Fines possible for VPN use
The announcement that the government will indeed introduce GST on some digital goods has somewhat overshadowed news that those caught using a Virtual Private Network (VPN) could face penalties of up to $25,000.
In a press release, revenue minister Todd McClay claims the changes proposed in the Taxation (Residential Land Withholding Tax, GST on Online Services, and Student Loans) Bill are about fairness and equity.
"It is about creating a level playing field for collecting GST and putting New Zealand businesses and jobs ahead of the interests of overseas suppliers", says McClay.
"GST should apply to all consumption that occurs in New Zealand. This is what makes our GST system fair, efficient and simple."
While neither the press release or the accompanying question and answer document address the issue of VPNs directly, McClay is quoted in several media outlets as saying those using VPNs "to evade GST costs" would face fines. However, such rules would not apply if the customer was using a VPN to access geo-blocked content not available here in New Zealand, which begs the question how will the authorities be able to tell the difference.
InternetNZ's chief executive Jordan Carter also raises the question of determining how a customer is a New Zealand resident.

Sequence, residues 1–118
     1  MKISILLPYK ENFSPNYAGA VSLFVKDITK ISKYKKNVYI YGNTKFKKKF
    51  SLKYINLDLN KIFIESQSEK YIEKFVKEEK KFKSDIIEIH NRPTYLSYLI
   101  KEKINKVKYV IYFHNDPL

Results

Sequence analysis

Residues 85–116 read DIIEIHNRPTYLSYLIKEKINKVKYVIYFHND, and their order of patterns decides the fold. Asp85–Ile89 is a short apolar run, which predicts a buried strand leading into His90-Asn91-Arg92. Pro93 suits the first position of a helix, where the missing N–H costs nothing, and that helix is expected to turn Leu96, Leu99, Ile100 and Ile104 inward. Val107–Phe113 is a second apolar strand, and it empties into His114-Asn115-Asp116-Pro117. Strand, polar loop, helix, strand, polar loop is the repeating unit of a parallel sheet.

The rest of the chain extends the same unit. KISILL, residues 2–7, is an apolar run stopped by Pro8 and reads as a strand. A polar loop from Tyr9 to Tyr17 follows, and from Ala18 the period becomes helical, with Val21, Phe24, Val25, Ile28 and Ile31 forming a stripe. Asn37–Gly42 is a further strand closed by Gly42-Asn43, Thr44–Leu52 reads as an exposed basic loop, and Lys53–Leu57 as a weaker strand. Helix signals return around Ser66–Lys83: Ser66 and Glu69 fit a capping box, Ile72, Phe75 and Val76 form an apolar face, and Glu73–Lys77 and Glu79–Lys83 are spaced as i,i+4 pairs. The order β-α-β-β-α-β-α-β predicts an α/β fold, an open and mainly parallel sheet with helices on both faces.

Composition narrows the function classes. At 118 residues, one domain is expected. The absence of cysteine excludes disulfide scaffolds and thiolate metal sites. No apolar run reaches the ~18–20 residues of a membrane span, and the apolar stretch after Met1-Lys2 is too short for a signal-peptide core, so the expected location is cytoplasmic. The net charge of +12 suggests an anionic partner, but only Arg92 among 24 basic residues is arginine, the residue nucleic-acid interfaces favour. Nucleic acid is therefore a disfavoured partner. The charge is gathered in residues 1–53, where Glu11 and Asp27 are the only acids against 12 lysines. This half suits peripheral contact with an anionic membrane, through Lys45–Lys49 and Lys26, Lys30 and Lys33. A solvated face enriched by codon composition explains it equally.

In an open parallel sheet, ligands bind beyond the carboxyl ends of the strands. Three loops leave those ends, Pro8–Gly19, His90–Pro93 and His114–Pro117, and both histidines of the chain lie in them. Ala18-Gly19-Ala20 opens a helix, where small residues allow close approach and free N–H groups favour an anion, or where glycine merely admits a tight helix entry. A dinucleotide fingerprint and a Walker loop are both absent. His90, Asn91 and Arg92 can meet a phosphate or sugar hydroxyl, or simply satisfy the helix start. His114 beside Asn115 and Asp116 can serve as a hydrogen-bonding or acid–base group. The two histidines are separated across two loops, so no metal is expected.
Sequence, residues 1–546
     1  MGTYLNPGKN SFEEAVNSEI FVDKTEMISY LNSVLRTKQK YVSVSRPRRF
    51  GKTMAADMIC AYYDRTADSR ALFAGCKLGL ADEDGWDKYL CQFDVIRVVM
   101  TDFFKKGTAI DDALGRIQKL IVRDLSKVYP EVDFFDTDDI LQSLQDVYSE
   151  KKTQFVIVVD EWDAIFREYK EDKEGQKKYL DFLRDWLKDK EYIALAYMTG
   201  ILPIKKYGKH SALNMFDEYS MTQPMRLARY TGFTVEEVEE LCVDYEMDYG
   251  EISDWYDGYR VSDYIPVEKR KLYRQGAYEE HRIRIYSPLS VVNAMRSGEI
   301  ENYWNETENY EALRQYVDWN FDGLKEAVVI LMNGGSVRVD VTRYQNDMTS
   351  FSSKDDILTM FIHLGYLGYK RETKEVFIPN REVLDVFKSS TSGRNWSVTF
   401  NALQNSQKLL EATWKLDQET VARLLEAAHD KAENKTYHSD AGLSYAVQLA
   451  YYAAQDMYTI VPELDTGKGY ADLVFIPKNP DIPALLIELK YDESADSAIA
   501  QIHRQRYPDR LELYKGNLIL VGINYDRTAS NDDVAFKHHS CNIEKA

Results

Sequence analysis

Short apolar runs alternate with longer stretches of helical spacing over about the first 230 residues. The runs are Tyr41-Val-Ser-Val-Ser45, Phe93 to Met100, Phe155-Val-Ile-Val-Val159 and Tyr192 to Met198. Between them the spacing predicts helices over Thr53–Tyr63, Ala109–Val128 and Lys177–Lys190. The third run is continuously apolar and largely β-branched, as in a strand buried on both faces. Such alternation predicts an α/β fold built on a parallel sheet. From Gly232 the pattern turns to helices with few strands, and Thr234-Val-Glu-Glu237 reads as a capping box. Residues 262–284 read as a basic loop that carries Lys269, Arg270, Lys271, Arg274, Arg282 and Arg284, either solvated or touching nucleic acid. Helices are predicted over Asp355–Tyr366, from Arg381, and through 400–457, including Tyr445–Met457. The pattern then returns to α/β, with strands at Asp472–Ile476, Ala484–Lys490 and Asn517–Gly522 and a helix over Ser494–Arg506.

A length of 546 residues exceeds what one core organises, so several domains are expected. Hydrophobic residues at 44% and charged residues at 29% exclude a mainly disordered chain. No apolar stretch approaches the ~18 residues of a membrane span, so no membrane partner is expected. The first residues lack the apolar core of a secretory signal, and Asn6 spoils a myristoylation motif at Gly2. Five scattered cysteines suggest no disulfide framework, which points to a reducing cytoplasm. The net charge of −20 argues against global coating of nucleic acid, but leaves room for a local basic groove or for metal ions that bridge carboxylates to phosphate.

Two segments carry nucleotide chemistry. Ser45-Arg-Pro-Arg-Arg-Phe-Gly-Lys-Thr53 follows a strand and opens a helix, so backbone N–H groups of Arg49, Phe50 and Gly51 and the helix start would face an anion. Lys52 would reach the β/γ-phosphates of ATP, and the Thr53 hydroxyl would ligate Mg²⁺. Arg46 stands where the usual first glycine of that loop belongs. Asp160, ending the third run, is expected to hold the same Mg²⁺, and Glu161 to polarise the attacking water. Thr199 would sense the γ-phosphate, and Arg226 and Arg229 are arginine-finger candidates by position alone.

"We strongly advised the Government that using IP addresses as a means for implementing these measures is technically and logically flawed," says Carter.
"It's like determining where someone lives based on their city - and sometimes even less accurate than that."
The minister's Q&A document says offshore suppliers will be required to use "two non-conflicting pieces of commercially available evidence (for example, a billing address and the country code of their mobile phone SIM card)" to determine where the customer is based.
What this means for the NZ Post YouShop service, which provides an international billing and delivery address for New Zealanders wanting to buy goods that aren't typically shipped to New Zealand, remains unexplored.
The government will also review the collection of GST on imported goods valued at below $400. Currently such imports do not attract GST on the basis that it's more costly to collect than the tax revenue will bring in.
The new bill is expected to be enacted in mid 2016 with the new GST rules coming into effect by October next year.
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